Researchers say there’ll be more heatwaves and less frost.
Ireland’s climate will look dramatically different by the time the year 2050 rolls around, according to a new study.
The Irish Centre for High-End Computing, which carried out the research on behalf of the Environmental Protection Agency, found temperatures are predicted to rise by as much as 1.6 degrees celsius by the middle of the century.
The East is set to be the worst affected by higher temperatures and snowfall is projected to fall by more than half.
Summer heatwaves are expected to happen more often, while the number of frost and ice days also expected to fall by half.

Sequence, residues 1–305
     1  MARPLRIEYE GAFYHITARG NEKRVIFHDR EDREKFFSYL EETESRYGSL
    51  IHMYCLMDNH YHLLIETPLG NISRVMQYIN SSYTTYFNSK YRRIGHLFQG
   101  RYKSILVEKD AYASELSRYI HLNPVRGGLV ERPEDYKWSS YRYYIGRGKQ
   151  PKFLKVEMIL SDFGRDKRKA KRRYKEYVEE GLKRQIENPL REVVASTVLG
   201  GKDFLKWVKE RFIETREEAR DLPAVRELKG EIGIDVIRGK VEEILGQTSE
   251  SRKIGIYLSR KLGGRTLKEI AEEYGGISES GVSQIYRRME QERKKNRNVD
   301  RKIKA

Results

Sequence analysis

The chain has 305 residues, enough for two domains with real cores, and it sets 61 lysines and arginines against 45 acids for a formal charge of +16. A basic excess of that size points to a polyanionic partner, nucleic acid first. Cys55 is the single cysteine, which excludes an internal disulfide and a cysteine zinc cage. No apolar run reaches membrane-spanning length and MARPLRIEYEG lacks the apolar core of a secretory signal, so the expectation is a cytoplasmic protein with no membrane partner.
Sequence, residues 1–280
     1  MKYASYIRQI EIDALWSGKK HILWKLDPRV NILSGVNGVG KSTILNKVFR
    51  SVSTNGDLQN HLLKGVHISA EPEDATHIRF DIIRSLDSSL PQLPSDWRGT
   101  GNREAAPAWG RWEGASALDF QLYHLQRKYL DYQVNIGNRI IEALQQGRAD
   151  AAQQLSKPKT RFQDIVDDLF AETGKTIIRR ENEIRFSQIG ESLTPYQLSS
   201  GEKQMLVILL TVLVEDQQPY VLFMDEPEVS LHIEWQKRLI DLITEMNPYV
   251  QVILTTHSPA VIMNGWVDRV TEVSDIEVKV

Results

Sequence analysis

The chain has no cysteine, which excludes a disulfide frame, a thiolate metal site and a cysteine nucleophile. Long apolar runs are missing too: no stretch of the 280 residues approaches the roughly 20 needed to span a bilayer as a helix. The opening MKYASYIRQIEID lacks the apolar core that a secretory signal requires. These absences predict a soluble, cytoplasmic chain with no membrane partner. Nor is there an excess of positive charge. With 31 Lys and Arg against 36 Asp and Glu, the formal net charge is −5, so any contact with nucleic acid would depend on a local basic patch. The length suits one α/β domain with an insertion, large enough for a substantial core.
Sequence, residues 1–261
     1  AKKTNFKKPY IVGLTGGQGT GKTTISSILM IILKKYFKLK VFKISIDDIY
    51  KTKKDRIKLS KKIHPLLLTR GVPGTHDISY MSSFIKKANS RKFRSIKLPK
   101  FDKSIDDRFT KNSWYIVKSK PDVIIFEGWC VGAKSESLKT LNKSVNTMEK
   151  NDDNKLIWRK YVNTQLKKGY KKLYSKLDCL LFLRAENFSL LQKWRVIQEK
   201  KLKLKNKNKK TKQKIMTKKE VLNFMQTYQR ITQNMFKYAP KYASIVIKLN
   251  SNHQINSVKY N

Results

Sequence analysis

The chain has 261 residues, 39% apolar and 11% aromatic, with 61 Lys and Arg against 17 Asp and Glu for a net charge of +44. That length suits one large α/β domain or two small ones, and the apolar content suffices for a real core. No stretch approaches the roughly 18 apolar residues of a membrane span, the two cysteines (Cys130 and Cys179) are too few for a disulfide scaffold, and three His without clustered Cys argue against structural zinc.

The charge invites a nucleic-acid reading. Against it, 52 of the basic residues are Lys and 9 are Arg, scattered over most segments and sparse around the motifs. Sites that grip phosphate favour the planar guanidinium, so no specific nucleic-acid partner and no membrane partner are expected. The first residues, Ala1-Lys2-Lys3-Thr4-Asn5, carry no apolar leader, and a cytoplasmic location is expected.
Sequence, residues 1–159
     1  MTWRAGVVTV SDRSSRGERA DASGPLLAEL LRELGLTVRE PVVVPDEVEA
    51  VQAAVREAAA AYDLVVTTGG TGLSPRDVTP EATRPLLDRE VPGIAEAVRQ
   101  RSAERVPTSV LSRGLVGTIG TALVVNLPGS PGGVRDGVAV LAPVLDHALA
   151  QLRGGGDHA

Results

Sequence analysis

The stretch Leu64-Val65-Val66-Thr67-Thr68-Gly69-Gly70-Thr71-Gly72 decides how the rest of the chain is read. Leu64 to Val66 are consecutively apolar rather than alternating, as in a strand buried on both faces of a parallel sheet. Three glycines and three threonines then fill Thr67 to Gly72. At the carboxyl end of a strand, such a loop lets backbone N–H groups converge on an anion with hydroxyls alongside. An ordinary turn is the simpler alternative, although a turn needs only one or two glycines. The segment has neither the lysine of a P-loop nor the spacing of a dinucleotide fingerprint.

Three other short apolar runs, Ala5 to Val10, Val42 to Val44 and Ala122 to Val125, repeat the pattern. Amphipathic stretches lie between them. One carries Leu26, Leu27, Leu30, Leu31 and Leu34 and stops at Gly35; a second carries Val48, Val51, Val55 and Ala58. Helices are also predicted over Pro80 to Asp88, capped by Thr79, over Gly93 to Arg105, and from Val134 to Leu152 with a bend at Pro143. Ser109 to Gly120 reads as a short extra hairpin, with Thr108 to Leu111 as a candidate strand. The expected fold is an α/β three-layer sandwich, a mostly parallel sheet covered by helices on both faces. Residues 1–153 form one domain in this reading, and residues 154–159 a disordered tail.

The findings came from analysis carried out using the national supercomputer at Waterford Institute of Technology, known as Kay.
“The models show that the effects of climate change will not be evenly spread across Ireland; the east for example, will see higher overall temperature increases than the west,” said climate scientist and project lead Dr Paul Nolan.
“The fine detail of the models results in a more accurate representation of the climate, and in particular, extreme events such as heavy rainfall, droughts and heatwaves.”
The centre’s environmental programme manager, Alastair McKinstry, added: “Ireland’s climate is changing, our models indicate this is resulting in higher temperatures, changing precipitation patterns and increases in the frequency and intensity of extreme weather events, with these changes expected to continue and intensify into the future.”